A Georgia television station’s report raises an interesting and important question: should a person who’s legally blind be “allowed” to exercise their Second Amendment rights? From newschannel9.com . . .
Her father, Sheriff Warren Wethington, taught her how to shoot.
He told Byfield he wants his daughter to be able to protect herself.
“The people who express their opinions that my daughter’s not safe with a gun most likely have never held one, shot one or know anything about one,” Sheriff Wethington said.
“I’m not a threat to society. I’m a law-abiding citizen, and just because I’m legally blind doesn’t mean I shouldn’t have a permit to defend myself,” Bethany Wethington told Byfield.
Another person, referred to as Bunch, has a friend who does not want him carrying a pistol, because he cannot see well — even though he trusts him with a gun in his house.
I struck me that preventing a person from exercising their Second Amendment rights, because of a disability, might be a violation of the Americans with Disabilities Act (ADA). I looked at the ADA website for hints. From ada.gov:
§ 35.130 General prohibitions against discrimination
(a) No qualified individual with a disability shall, on the basis of disability, be excluded from participation in or be denied the benefits of the services, programs, or activities of a public entity, or be subjected to discrimination by any public entity.
That seems fairly straightforward. But how about the claim that blind people are not issued drivers licenses? First, drivers licenses are considered privileges, not a Constitutional right. Second, there is a portion of the ADA that addresses the idea that a disability could make someone dangerous. From ada.gov:
§ 35.139 Direct threat.
(a) This part does not require a public entity to permit an individual to participate in or benefit from the services, programs, or activities of that public entity when that individual poses a direct threat to the health or safety of others.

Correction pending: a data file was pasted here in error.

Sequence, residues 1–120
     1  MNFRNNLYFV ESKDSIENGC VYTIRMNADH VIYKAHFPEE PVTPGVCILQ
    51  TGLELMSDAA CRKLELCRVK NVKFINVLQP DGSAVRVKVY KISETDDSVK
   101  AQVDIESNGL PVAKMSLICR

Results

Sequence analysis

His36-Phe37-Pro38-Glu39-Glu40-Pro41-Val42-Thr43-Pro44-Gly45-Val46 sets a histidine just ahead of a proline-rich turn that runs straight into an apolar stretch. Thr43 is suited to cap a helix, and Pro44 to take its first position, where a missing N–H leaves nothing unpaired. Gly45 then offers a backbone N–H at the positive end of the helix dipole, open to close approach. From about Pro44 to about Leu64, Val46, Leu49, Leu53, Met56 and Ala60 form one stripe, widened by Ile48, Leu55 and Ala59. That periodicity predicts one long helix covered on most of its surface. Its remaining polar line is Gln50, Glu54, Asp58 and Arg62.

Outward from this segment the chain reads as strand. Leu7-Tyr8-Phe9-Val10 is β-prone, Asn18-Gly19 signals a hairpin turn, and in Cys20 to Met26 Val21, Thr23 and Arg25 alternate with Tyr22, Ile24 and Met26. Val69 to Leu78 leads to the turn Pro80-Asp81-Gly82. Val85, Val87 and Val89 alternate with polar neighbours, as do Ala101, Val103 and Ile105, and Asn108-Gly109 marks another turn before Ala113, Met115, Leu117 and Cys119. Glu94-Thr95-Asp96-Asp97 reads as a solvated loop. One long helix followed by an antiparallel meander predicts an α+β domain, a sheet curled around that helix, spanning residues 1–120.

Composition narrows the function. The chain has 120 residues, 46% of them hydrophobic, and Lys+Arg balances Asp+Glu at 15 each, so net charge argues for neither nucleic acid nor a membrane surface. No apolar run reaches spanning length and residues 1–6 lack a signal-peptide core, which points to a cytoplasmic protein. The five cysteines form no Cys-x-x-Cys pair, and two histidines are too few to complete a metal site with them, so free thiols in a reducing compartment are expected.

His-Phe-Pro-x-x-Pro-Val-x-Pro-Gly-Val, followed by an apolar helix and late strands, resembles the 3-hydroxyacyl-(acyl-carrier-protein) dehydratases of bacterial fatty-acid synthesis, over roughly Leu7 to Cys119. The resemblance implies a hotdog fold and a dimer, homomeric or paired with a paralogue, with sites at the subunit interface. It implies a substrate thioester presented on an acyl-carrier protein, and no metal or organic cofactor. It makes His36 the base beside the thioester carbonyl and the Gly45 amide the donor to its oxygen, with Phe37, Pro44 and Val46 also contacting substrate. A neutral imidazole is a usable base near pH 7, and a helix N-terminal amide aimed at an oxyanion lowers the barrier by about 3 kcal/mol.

(b) In determining whether an individual poses a direct threat to the health or safety of others, a public entity must make an individualized assessment, based on reasonable judgment that relies on current medical knowledge or on the best available objective evidence, to ascertain: the nature, duration, and severity of the risk; the probability that the potential injury will actually occur; and whether reasonable modifications of policies, practices, or procedures or the provision of auxiliary aids or services will mitigate the risk.
It seems that such an assessment would not be too difficult. We know that legally blind people have defended themselves with firearms in their homes. We know that it’s possible for them to do so in public. The burden should be on public entity to show, in each individual case, that there’s a direct threat that cannot be overcome with a reasonable accommodation.
It is not uncommon for people to be partially blinded in an initial attack, and still be able to defend themselves. All of the legal cautions that are normally taught to people with normal vision apply to people who are legally blind, so I do not see anything special there.
I haven’t heard or read of any instances where people have been harmed because a legally blind person shot someone by mistake. This seems to simply be another form of prejudice about disabilities. I suspect that legally blind people are well aware of their limitations, and have spent far more time on determining how to function with those limitations, than people without them have.
The National Federation for the blind issued a statement including this paragraph:
In recent days there has been much discussion about whether blind individuals should be permitted to own and/or carry firearms. The National Federation of the Blind, the oldest and largest nationwide organization of blind Americans, understands that guns are dangerous weapons and that anyone who owns, carries, or uses them must therefore exercise great care and sound judgment in doing so. Blindness has no adverse impact on a person’s ability to exercise due care and good judgment. State firearms laws must be applied in a nondiscriminatory manner to blind individuals. Recognizing that laws and regulations regarding the granting of permits to own and/or carry firearms vary throughout our country, our single position on firearms regulation is that a permit to own and/or carry a gun should not be denied to any individual solely on the basis of blindness.
I have not heard of ADA challenges to firearms permit laws that discriminate on the basis of physical disability; but I will not be surprised when one happens.
©2016 by Dean Weingarten: Permission to share is granted when this notice is included.